The new version of Myspace was launched on Wednesday (June 12), rebranding the long-mocked social networking site as a platform that blends social media with music streaming. As the Associated Press reports, the revamped service now includes a mobile app for the iPhone, a radio function with access to millions of songs, and several new features intended to connect musicians and other artists with their audience.
"Today more than ever," Myspace co-owner Tim Vanderhook said, "there's this need for a creative ecosystem that kind of caters to the creative community and that's both a social network and the streaming services attached... For us when we looked at it, we really talked to a lot of artists and... they all said, 'I use all these various platforms but none of them really do what we need.' What they really needed, they explained to us, was a home."
Myspace now provides access to 53 million streamable tracks via new add-on My Radio. The ad-supported function doesn't rely on an algorithm to create personalized stations, a la Pandora or Google Play Music All Access, but instead allows users — many of whom are musicians — to create stations and mixes. "When you play an artist radio station, you're not just listening to their music, but you're listening to what they're interested in and the music that inspires them," Ali Tahmasbi, Myspace's VP of product marketing, said to CNET. At time of launch, the made-over site is hosting 25 programmed stations from musicians, including Snoop Dogg, Steve Angello, and Justin Timberlake (via Mediabistro).
"We've given everyone on our platform their own radio station," Tim Vanderhook noted (via Mashable). "You can go on the desktop, program what you want people to listen to. You become the DJ. It's for regular people all the way up to Justin Timberlake."
Timberlake, of course, has an ownership stake in the new Myspace. The Social Network star joined forces with brothers Tim and Chris Vanderhook nearly two years ago to purchase the website for $35 million. For context, News Corp. paid $560 million for the brand in 2005.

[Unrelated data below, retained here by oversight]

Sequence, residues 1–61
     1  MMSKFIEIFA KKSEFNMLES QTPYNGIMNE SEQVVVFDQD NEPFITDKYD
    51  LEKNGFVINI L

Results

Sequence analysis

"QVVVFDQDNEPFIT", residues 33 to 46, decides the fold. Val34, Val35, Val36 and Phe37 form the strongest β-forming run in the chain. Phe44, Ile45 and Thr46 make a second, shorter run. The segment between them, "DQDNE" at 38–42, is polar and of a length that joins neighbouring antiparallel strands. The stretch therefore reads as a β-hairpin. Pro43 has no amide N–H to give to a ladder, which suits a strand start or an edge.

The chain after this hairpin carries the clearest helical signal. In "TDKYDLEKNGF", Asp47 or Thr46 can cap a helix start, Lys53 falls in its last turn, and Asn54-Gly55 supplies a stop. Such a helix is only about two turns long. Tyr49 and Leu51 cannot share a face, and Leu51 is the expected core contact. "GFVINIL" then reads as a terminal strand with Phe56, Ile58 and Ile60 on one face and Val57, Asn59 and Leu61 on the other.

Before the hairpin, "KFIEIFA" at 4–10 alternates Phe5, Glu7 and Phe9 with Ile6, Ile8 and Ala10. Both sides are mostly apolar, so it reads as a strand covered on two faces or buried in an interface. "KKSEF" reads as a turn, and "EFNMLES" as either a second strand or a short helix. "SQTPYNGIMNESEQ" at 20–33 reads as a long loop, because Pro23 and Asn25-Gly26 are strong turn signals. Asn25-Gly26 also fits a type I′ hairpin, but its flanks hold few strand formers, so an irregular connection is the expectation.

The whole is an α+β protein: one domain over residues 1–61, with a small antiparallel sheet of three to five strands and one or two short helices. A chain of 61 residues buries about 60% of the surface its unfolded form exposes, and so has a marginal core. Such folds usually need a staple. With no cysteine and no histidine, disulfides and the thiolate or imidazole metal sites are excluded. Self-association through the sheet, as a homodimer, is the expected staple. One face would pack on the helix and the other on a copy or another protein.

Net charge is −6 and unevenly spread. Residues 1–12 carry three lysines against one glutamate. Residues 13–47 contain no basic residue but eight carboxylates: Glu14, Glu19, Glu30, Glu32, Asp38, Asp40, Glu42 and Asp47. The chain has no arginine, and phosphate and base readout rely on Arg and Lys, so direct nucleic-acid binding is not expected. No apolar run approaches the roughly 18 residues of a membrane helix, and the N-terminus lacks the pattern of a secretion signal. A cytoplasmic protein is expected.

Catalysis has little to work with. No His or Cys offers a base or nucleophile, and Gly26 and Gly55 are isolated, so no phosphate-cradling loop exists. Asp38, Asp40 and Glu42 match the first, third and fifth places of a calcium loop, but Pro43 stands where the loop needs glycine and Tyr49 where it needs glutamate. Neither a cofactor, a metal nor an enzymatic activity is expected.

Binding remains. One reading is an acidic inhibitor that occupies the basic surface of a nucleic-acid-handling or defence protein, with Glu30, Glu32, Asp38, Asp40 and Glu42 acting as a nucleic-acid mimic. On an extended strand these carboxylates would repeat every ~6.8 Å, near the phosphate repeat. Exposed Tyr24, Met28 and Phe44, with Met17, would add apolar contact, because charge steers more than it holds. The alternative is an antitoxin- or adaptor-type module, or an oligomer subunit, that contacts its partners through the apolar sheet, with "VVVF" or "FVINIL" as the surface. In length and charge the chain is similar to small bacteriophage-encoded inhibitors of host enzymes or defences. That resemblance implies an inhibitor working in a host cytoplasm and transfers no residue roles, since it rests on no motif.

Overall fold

"Everyone had a lot of fun on Myspace at one point," Chris Vanderhook said. "It's easy to kick it and say, 'Oh, yeah, Myspace sucks now,' but everyone had fun on Myspace before. It's just that they didn't keep pace with technology and they didn't keep up with the times."
Aside from the massive My Radio library and increased interactivity with artists, Myspace also features a GIF creator via the free iOS-only mobile app. "They're hugely popular," Chris Vanderhook said, "but we kept noticing the creation of GIFs wasn't that accessible to people. As easily as you can take a photo, we're including a way for people to create their own GIFs."
The company is reportedly working on iPad- and Android-compatible apps which will be launched later this year. To promote today's unveiling, Myspace tapped photographer and filmmaker to make a pair of commercials. The star-studded clips (found below) feature several artists, including Charli XCX, DIIV, ScHoolboy Q, Santigold, Chance the Rapper, Hit-Boy, RiFF RAFF, Pharrell, Ryan Hemsworth, and Sky Ferreira.
Myspace's streaming service comes just days after Apple announced its very own music-playing platform, Apple Radio. Like Pandora and Google Play Music All Access, Apple's service lets users customize their listening experience based on personal taste. Apple Radio is slated for a U.S. launch in the fall.